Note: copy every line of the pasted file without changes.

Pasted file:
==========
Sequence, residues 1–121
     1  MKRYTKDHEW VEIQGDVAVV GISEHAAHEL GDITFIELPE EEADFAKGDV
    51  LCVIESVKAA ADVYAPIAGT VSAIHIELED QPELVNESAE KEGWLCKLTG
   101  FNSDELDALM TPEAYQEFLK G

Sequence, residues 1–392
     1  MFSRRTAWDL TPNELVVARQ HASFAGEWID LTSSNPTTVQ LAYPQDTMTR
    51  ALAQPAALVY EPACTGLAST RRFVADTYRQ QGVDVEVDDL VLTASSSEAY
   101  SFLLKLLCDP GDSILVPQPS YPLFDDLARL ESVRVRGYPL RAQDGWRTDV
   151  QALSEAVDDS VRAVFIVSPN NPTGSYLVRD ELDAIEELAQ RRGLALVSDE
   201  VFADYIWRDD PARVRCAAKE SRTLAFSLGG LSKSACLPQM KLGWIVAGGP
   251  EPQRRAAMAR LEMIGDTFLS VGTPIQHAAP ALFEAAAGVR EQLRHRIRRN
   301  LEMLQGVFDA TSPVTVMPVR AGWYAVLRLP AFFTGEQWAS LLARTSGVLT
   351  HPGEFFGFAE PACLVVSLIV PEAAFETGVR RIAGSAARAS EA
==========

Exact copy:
Sequence, residues 1–121
     1  MKRYTKDHEW VEIQGDVAVV GISEHAAHEL GDITFIELPE EEADFAKGDV
    51  LCVIESVKAA ADVYAPIAGT VSAIHIELED QPELVNESAE KEGWLCKLTG
   101  FNSDELDALM TPEAYQEFLK G

Sequence, residues 1–392
     1  MFSRRTAWDL TPNELVVARQ HASFAGEWID LTSSNPTTVQ LAYPQDTMTR
    51  ALAQPAALVY EPACTGLAST RRFVADTYRQ QGVDVEVDDL VLTASSSEAY
   101  SFLLKLLCDP GDSILVPQPS YPLFDDLARL ESVRVRGYPL RAQDGWRTDV
   151  QALSEAVDDS VRAVFIVSPN NPTGSYLVRD ELDAIEELAQ RRGLALVSDE
   201  VFADYIWRDD PARVRCAAKE SRTLAFSLGG LSKSACLPQM KLGWIVAGGP
   251  EPQRRAAMAR LEMIGDTFLS VGTPIQHAAP ALFEAAAGVR EQLRHRIRRN
   301  LEMLQGVFDA TSPVTVMPVR AGWYAVLRLP AFFTGEQWAS LLARTSGVLT
   351  HPGEFFGFAE PACLVVSLIV PEAAFETGVR RIAGSAARAS EA